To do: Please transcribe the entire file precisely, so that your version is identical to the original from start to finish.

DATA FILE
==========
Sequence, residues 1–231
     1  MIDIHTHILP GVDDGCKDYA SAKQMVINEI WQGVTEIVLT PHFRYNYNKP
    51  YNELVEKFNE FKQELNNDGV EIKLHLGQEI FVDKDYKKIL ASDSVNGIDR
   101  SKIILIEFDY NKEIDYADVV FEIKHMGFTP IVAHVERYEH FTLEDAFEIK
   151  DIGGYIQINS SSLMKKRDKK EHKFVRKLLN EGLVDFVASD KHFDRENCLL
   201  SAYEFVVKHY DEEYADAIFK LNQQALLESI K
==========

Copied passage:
Sequence, residues 1–231
     1  MIDIHTHILP GVDDGCKDYA SAKQMVINEI WQGVTEIVLT PHFRYNYNKP
    51  YNELVEKFNE FKQELNNDGV EIKLHLGQEI FVDKDYKKIL ASDSVNGIDR
   101  SKIILIEFDY NKEIDYADVV FEIKHMGFTP IVAHVERYEH FTLEDAFEIK
   151  DIGGYIQINS SSLMKKRDKK EHKFVRKLLN EGLVDFVASD KHFDRENCLL
   201  SAYEFVVKHY DEEYADAIFK LNQQALLESI K